Natcore Technology revealed that it had received its first intelligent processing station, the AR-Box, which will be used for the liquid phase deposition (LPD) process to grow antireflective (AR) coatings on silicon wafers. Housed at the company’s R&D center in the Kodak Eastman Business Park in New York, installation and testing are anticipated to be completed by September 9.
Chuck Provini, president and CEO of Natcore, Mike Alt, Kodak park’s director and David Tennity, Kodak project manager met with local contractors last week to discuss bids for electrical, plumbing and ductwork, which will be needed to make the AR-Box functional. The LPD tool is a completely enclosed system that houses a pre-clean subsystem. Described to be the size of an SUV, the tool has an LPD process subsystem that uses Natcore’s latest sizing and process control input and a drying module.
Natcore advised that the AR-Box can identify and eliminate undesired invisible particles to ensure uniformity, consistency and a lack of contamination form suspended matter. The tool has a cooling and heating option, which keeps the chemical bath in the rage of +/-0.5° C. The AR-Box is said to additionally include a module that passivates the surface of “black silicon” solar cells, which is said to diminish the cell’s average reflectivity to less than 1.5% and can potentially increase power output.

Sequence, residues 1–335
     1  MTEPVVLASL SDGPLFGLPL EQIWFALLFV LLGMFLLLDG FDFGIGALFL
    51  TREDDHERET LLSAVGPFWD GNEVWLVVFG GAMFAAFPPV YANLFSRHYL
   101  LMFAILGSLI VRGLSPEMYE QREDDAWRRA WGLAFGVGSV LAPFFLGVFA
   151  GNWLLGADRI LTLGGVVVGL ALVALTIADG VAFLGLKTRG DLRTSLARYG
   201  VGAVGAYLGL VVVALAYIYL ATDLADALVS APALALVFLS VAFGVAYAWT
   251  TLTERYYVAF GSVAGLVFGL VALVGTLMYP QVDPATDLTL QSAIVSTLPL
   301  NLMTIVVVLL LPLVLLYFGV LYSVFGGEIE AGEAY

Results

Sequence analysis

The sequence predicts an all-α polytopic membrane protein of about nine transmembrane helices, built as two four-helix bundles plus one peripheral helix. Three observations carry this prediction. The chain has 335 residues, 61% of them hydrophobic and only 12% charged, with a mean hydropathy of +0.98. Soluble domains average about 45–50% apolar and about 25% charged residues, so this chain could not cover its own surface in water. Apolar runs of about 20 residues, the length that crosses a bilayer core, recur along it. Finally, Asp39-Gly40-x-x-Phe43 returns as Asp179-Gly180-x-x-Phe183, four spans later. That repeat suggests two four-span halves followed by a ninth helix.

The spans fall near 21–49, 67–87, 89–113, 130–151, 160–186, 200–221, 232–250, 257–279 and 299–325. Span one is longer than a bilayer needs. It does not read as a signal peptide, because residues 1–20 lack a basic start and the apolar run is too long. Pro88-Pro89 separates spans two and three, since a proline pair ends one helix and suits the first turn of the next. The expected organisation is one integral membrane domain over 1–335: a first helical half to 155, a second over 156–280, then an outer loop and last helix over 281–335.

“AR-Box #1 will be used for our own R&D efforts,” says Provini. “It will allow us to craft precise formulas for each customer. That's a necessity because solar cell production differs from plant to plant. We have received strong interest from companies in China, Italy, and the U.S. that could lead to production of four additional machines. That would represent significant revenue for Natcore. We would profit from licensing fees, and from sales of the machines and the chemicals that will be used to recharge them. We hope to close at least two of these sales by the end of the year.”
The company maintains that the tool is able to monitor the coating process and measure the thickness of the AR coating on a wafer while it is immersed in a chemical bath. It can then change the composition and duration of the bath so that the solar cells can be produced with ease and better precision.